VOL. 132 | NO. 120 | Friday, June 16, 2017
Last Word: Bar-Kays & ConFunkShun, Suburban Politics and Tom Bowen's 5 Years
By Bill Dries
The Bar-Kays and ConFunkShun -- there’s a double shot of the deepest funk from the 1970s and 1980s. And they are together again Friday at the Cannon Center for the Juneteenth Urban Music Festival. It is also Larry Dodson’s last hometown show fronting The Bar-Kays.
Dodson has been at the front of the funkiest band in the land for 47 years. That is a span that includes Wattstax, the concert and the movie, backing Isaac Hayes on his landmark “Hot Buttered Soul,” a shout-out in “Rapper’s Delight” – considered the first rap record, outrageous stage costumes that are in the Rock and Roll Hall of Fame but not the snake, two White House performances – and songs that are to be found to this day in any nightclub with a dance floor.
The band will continue to tour with Dodson through 2017 and has been conducting a world wide search for a new lead singer since May. The audition requirements include being able to sing three tracks from the Bar-Kays catalog: “Holy Ghost”, “Anticipation” and “Move Your Boogie Body.”
An outbreak of politics Thursday in the suburbs:
Republican Kevin Vaughan won Thursday’s special election for state House District 95 and goes to Nashville in January.
The ballot is almost set for the September municipal elections in Arlington – set enough that there were two winners at Thursday’s noon filing deadline because two of the contenders had no opposition.
Sounds of life Thursday coming from what used to be Tower Records at Peabody Place. ServiceMaster formally opened its new innovation center in the space Thursday as the leading edge of the corporation moving its headquarters into most of the rest of what used to be a mall. ServiceMaster CEO Rob Gillette talking specifically about IT innovation as he did the honors.
And that afternoon the center got put to use with its first panel discussion at the startup accelerator being called “Ground Floor”
After a two-day search, the Coast Guard on Thursday suspended its search for a trio of boaters who maydayed Tuesday night that they were taking on water on the river north of Shelby Forest.
In our Friday Sports Section:
Tigers Athletic Director Tom Bowen on five years at the helm at the University of Memphis. In the first part of a two-part Q&A, Bowen tells us the Tigers will be practicing in their new basketball facility no later than Nov. 1 and Tigers football season ticket sales are “north of 8,400” with season football parking sold out and a Tigers master plan for Fairgrounds traffic to handle it.
Don Wade on where the Grizz stand with next week’s NBA draft and its four free agents and speculation about just how hard the ceiling is for what the Grizz front office is willing to spend.
David Climer on Vanderbilt baseball coming up just short of the College World Series.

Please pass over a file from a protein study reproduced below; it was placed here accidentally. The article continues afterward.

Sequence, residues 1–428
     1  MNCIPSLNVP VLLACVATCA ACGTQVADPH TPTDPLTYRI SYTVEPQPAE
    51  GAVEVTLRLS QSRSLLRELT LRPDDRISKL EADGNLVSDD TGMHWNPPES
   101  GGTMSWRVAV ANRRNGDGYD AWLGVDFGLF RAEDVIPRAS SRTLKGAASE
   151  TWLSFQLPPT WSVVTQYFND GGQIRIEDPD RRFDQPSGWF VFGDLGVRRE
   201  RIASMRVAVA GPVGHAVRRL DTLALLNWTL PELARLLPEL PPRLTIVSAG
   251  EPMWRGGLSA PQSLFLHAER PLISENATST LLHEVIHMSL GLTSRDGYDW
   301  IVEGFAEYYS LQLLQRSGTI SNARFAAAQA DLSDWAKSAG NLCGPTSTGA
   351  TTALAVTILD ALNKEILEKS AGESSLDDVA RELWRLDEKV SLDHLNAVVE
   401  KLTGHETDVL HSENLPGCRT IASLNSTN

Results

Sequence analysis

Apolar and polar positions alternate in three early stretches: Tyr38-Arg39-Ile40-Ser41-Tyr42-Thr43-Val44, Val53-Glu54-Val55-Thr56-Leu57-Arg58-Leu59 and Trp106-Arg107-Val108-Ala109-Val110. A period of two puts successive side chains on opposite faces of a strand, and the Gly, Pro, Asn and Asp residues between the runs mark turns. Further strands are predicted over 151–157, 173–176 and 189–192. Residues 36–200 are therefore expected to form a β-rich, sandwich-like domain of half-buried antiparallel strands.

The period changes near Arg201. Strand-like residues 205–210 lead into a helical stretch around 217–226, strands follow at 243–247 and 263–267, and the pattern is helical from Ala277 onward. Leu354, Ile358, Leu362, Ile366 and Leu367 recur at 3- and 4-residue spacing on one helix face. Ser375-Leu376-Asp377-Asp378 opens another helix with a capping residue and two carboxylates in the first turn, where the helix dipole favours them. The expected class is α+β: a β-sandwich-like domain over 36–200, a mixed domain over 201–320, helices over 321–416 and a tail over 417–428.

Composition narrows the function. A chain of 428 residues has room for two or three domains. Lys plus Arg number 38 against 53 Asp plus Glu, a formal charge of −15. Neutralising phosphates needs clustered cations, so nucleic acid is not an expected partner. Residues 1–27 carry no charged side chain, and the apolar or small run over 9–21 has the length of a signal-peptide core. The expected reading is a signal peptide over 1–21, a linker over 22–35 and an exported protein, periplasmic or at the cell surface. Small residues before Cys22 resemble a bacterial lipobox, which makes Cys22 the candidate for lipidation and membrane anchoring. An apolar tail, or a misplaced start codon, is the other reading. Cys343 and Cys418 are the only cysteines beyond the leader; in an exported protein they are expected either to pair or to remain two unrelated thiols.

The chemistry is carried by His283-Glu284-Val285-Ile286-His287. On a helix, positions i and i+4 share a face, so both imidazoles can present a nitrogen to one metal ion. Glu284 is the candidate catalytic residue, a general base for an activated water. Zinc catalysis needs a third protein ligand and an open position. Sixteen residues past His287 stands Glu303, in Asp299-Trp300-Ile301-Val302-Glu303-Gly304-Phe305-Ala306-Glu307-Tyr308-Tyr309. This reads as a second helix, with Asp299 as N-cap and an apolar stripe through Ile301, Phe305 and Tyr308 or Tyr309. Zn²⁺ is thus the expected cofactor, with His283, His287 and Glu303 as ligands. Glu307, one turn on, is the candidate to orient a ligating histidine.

And John Glennon with some perspective on the Predators Stanley Cup run.
Tennessee Gov. Bill Haslam has some advice for the Republican contenders for Governor but he won’t have any endorsement for any of them, according to this piece by Erik Schelzig of Associated Press.
U.S. Senator Bob Corker’s bill to expand U.S. sanctions on Iran and Russia passed in the Senate Thursday 98-2. Corker’s statement after the vote:
“Today marks a significant shift of power back to the American people’s representatives, something that has been a top priority of mine since becoming the lead Republican on the Senate Foreign Relations Committee more than four years ago. With passage of this legislation, the Senate reasserts congressional authority – while providing the Trump administration appropriate national security flexibility – and sends a clear signal to both Iran and Russia that our country will stand firm in the face of destabilizing behavior and that Congress will play a leading role in protecting our national interests.”
The bill now goes to the House.
Chalkbeat on the shortage of black men teaching with some insights from Memphis classrooms.
A group of 10 Memphis charter schools are getting $5 million in state grants that is part of a larger pool of federal pass-through money the state got recently. This is for new charter schools.
State Senate Minority Leader Lee Harris and veteran state Representative Joe Towns Jr. are our guests on Behind The Headlines where we will talk mostly about their efforts to pass criminal justice system reform legislation in the 2017 session in Nashville. The show airs at 7 p.m. Friday on WKNO TV.
The cover story of our weekly, The Memphis News, is about the centennial of the Memphis Branch NAACP and questions about its relevance going forward along with some more insights into the July 2016 bridge protest and the upswing in protest we’ve seen locally in the last year.
The PDF of the new issue is up now on this website. The hard copies hit the streets Friday morning and the online version of the cover story goes up on this site Friday afternoon.
An 8 percent budget cut for Jackson State University.
Nike to cut 1,400 jobs in a restructuring across the sports apparel brand as it takes some lines off the shelves. But it’s hard to tell how this shakes out for Memphis which has the second largest base of Nike employees outside of the company’s HQ in Beaverton, Oregon. The restructuring is to put more emphasis on direct sales to consumers, which the recent $300 million expansion of the Frayser distribution center took into account.
Food is relatively cheap these days – so cheap that its affecting nationally how many times we eat out and its affecting grocers including Kroger which appears to have joined a price war with its competitors on milk and eggs. If it was milk and bread we would be ready for the next storm because French toast can get you through anything.